MOUNT VERNON — Ohio is one of eight Midwest states to submit a request for federal stimulus money for passenger rail service. Earlier this month, the state joined Illinois, Indiana, Iowa, Kansas, Michigan, Missouri and Wisconsin in seeking a share of $8 billion available through The American Recovery and Reinvestment Act. The requests total almost $10 billion.
Ohio is requesting $564 million for passenger rail service between Cleveland, Columbus and Cincinnati. The 3-C Corridor, 255 miles in length, would use the tracks of three railroads: CSX, Norfolk & Southern, and Indiana and Ohio Railway. In addition to the main stations in Cleveland, Columbus and Cincinnati, the route includes 14 other stops. Stations used by Knox Countians would probably be Delaware, Columbus, Galion or Crestline.
The goal of the proposed service is “an affordable, convenient, energy-efficient and environmentally friendly transportation alternative to highway and airline modes,” according to a feasibility study by Amtrak.
“Probably overall, I think it would be a benefit to have something like [passenger service],” said Robin Durbin of Fredericktown. “It might be a little bit more green than traveling by bus or car.
“I think it would be of more benefit when you are going to a longer destination, such as out West, rather than staying in your state, but it might be of benefit to older folks who don’t want to drive that far.”
It is estimated it will take 6 1/2 hours to travel by train from Cleveland to Cincinnati, and around three hours each from Columbus to Cincinnati and from Columbus to Cleveland. Although no firm numbers have been set, tickets are estimated to be around $25.
“We’ve gone to several different events in Cleveland,” said Durbin, a 44-year-old substitute teacher. “I would probably prefer to go by car. If the tickets were at a low rate, even though it might take longer, I could see the benefit there.”
According to the study, the Cleveland Lakefront Station is the only station that has suitable building and parking facilities for passenger rail service. All of the other station stops will need new station buildings, waiting areas, platforms and parking lots constructed. Under the proposal, communities desiring a stop will be responsible for the cost of station facilities, as well as the cost of maintaining the facilities.
The rail lines currently handle freight service, which travels at a slower speed than the proposed 79 mph passenger service. Signals and crossings would need to be upgraded to handle the passenger service. In addition, several points — Berea, Columbus, Scioto Junction, Sharonville Yard and Mill Junction — are already heavily congested areas with the freight traffic; it is uncertain how these areas will accommodate the additional passenger traffic.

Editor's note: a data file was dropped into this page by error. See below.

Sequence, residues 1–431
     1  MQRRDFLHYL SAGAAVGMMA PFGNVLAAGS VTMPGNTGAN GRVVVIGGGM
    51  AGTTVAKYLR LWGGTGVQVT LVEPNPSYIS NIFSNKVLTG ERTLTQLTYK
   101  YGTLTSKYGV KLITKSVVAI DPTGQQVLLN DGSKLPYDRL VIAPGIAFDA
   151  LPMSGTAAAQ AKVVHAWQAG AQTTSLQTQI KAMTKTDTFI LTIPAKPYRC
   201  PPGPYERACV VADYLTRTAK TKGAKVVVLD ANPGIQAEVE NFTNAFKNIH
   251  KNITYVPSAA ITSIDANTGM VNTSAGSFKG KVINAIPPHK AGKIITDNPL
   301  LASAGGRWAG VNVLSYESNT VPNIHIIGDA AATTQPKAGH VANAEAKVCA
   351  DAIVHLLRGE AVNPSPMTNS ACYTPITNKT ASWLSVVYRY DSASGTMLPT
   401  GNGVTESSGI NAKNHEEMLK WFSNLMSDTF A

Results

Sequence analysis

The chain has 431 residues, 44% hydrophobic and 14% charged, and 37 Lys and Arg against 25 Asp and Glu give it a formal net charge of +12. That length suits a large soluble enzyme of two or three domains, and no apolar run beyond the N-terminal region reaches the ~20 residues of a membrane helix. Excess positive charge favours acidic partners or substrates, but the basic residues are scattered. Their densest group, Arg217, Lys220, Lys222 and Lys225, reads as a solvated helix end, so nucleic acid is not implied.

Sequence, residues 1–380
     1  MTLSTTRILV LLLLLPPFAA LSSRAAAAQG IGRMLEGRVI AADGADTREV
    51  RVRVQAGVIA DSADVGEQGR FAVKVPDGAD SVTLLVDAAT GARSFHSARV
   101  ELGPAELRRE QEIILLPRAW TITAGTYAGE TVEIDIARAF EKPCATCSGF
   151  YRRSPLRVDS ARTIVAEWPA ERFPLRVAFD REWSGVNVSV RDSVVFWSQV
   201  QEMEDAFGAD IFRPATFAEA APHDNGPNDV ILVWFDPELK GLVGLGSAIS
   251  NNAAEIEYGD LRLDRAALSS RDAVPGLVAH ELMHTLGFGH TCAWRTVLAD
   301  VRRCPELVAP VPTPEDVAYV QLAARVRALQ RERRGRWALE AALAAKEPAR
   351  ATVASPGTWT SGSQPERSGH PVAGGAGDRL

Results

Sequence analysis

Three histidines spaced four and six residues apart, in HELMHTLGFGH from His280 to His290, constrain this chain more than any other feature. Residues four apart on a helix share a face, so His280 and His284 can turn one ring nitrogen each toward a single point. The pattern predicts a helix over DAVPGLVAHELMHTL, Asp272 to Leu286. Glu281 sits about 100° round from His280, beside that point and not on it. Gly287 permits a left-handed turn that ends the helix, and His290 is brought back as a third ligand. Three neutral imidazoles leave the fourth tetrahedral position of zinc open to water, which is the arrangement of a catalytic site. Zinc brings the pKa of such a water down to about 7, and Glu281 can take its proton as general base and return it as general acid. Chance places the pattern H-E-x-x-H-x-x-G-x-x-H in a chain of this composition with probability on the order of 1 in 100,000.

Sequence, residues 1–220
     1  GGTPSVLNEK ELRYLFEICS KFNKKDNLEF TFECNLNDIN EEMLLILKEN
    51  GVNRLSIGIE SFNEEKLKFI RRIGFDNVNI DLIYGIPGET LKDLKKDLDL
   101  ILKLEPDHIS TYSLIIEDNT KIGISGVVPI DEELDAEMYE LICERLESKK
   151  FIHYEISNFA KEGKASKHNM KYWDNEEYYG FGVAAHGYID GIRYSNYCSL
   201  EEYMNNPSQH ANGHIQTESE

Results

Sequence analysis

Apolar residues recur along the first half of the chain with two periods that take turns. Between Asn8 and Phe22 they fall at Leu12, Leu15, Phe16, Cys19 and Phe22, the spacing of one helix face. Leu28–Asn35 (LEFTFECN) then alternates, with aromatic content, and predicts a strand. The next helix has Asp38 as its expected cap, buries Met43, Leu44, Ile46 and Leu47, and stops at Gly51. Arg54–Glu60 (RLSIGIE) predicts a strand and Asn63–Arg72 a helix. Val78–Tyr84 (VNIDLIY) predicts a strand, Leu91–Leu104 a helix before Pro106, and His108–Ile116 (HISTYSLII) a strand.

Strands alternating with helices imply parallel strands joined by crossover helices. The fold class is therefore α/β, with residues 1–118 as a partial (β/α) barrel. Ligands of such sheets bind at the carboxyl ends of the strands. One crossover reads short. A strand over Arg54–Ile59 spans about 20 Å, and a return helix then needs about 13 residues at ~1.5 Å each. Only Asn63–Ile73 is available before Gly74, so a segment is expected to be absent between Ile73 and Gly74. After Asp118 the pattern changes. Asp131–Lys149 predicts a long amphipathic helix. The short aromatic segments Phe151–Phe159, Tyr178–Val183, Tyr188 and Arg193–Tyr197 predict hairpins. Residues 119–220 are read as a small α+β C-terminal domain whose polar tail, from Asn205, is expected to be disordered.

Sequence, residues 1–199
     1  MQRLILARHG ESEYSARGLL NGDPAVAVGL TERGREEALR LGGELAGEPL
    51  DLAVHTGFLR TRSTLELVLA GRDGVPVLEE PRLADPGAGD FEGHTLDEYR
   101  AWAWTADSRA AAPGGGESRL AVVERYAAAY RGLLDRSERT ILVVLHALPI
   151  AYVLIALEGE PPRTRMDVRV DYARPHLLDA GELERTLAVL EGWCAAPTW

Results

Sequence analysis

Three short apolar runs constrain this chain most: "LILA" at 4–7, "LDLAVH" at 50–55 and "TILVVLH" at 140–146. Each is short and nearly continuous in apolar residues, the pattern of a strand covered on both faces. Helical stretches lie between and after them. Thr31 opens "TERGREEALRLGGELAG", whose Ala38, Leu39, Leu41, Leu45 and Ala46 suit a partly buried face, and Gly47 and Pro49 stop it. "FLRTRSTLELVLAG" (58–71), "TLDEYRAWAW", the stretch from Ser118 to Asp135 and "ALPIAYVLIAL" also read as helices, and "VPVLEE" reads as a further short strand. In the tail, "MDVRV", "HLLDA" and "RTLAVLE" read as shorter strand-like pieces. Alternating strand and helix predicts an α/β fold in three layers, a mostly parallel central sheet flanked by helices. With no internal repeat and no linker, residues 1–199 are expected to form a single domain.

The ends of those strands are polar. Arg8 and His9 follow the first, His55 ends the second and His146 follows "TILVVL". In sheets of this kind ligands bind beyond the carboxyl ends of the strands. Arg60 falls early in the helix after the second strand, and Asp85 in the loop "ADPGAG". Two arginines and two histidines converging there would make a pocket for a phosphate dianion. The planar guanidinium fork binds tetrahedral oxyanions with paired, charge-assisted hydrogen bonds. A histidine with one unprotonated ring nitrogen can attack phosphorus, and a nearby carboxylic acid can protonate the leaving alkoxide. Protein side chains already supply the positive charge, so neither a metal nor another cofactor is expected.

A segment of track through Springfield has speed restrictions of 15, 20 and 25 mph because of the many curves and roadway grade crossings. The report stated it is unlikely these speed restrictions can be significantly improved without extensive infrastructure investment, which the feasibility study did not include in the cost for start-up service.
Amtrak will be responsible for the train cars. The model calls for a trainset of one locomotive, five coaches with business class seating, one food service car and one non-powered control unit. The locomotive will be on one end; the NPCU on the other. When the train reaches the end point, either Cleveland Lakefront Station or Cincinnati Boathouse, the NPCU becomes the lead locomotive so that the train does not have to be turned around on the track. Amtrak does not have enough cars in its inventory; new cars will have to be obtained, which could take two years.
The proposal calls for the construction of a maintenance facility in Cleveland, on the site of a mostly abandoned yard located about one mile from the existing Amtrak Lakefront Station. In addition, layover facilities will need to be built in Columbus and Cincinnati; the estimated cost for the three facilities is $55 million plus contingencies.
Every five days, a trainset will have an almost 26-hour layover in Cleveland, during which time maintenance and repairs will be performed.
“There are advantages and disadvantages to passenger rail service,” said Durbin. “I think it can’t hurt to have it available, and it may well create more jobs. It may be a greener way to travel, and less pollution, if you are able to have a lot of people ride the rail. It may be cheaper than paying for gas.”
But, she added, there’s the question of how it will be paid for.
According to the feasibility study, estimated revenue is $12.2 million. The estimated annual expense is $29.2 million, leaving $17 million that will need to be subsidized by the state. According to Scott Varner of the Ohio Department of Transportation, ODOT will use non-gas tax money — including ad revenue from the trains, franchise fees and existing grant dollars — to cover the subsidy.
If funding is received, passenger service could begin in 2011.